Although our flight left Boston about 30 minutes late, we made our 5:30 a.m. arrival thanks to some super piloting and a tailwind. Brad and I must have still been running on adrenaline, for we were off the plane quickly and anxious to find our boys.
It took a good 15 minutes to reach the baggage claim area. Once there, we located where the bulky luggage would arrive. We decided Brad would gather the bags while I waited for the dogs to arrive. It didn’t take long for the large crates to come moving down the belt. That is when the “fun” began. I said hello to the dogs and looked them over through their crates. It was hot in there and they smelled like wet dogs. Both were panting and seemed very ready to get out. I asked the gentleman sitting at the counter if he spoke English. He told me he spoke “a little bit”. I then showed him the paperwork I had obtained to get the dogs into the country. He looked at me and said something I did not understand. I did hear him say, “veterinarian”. We continued to try to communicate with one another. I determined that I needed to go to “a box” to get the vet. He did some pointing across the terminal and I was on my way.
As I tried to find this “box”, a large German man came up to me and pointed me to Customs. I thought it was weird that the airport employee (aka bulky baggage claim guy) could not communicate “CUSTOMS” to me. ???? Once there, the veterinarian accompanied me back to the bulky luggage area to retrieve my retrievers. Of course, the vet scanned Bran to check his i.d. and then just glanced over my time-sensitive and expensive paperwork. At that point, I was worried about my Choco. He was panting, drooling, seemed very anxious and began to bark. Brad had to leave us to see if our sponsor was indeed there to pick us up. He was. We just didn’t know how we were going to move the dog crates with the dogs in them plus the luggage. There were no carts to wheel everything and no one seemed to be able or willing to help us. Somehow, Brad determined that we could take the dogs out of the crates and walk them out (this was a different protocol than in the States due to K-9 units working our secure airports). I did just that while Brad worked on getting the rest outside.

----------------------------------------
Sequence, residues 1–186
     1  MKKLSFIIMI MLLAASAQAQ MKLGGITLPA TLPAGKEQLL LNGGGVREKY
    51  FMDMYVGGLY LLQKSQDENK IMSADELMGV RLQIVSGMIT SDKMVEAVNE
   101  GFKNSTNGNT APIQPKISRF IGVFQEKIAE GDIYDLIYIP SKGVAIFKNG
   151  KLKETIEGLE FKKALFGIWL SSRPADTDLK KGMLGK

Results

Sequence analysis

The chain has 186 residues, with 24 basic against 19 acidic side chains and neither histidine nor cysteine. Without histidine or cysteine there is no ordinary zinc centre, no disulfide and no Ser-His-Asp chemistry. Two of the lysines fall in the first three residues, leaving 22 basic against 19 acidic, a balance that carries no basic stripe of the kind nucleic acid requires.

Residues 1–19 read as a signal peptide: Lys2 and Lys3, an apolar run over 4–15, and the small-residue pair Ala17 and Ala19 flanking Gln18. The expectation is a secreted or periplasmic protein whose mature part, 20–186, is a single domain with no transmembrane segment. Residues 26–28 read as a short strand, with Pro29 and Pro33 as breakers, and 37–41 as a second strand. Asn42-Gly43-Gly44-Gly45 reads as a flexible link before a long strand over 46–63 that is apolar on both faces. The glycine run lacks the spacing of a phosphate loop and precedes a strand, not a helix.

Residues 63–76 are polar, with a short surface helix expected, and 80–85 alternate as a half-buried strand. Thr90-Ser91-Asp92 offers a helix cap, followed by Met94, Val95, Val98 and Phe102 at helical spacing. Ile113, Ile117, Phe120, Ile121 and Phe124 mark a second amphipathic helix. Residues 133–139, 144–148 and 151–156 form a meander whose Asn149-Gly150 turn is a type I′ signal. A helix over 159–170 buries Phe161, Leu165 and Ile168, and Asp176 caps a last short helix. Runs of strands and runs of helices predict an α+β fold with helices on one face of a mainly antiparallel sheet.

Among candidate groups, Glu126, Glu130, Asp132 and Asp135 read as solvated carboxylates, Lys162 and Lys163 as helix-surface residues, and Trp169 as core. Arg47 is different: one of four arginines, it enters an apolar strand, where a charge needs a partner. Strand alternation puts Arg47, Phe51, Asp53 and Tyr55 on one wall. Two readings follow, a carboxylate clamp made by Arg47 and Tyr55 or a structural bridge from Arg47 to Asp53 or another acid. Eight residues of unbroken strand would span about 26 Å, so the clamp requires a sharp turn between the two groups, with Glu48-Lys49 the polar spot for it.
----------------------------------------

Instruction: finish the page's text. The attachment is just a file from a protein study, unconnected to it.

The next issue was finding a place for the dogs to go to the bathroom once outside of the terminal. Airports are obviously not built to accommodate such things. In addition, our sponsor had a list of people to pick up that morning. Each were arriving one after the other. Our situation with the dogs had put him behind schedule by about 30 minutes. Brad made it out, we loaded the van, and the dogs ended up peeing on the sidewalk outside of the terminal. Oh well, I am sure it dried. We had to have the next set of people wait for the sponsor to come back to pick them up since there was not enough room for all of us, the luggage, the dogs and the crates in the van. How he thought he could fit us all anyway is a mystery to me, especially when we gave him the dimensions of our crates before we even arrived in Germany.
The ride to the American Arms Hotel was short-about 25 minutes. It was about 7:30 a.m. by the time we set out for it and it was still dark out. Something we are still not quite used to. We were dropped off by our sponsor and then proceeded to check in. Something that was not mentioned or calculated into our early morning arrival was the fact that check-in for the hotel was not until 2:00 p.m. That meant we were too early and the hotel was not prepared for our arrival. Due to the amazing management and staff at the Arms, we did not have to wait long to be assigned to a room. Once in, we fed the dogs their first meal in over 24 hours. We were then able to plop on the couch and take in a deep sigh of relief. We had made it.
The rest of that day included gathering our thoughts and information for the next day’s events, taking a nap (we tried our best not to sleep, but it was inevitable), and having a nice dinner at the restaurant in the hotel.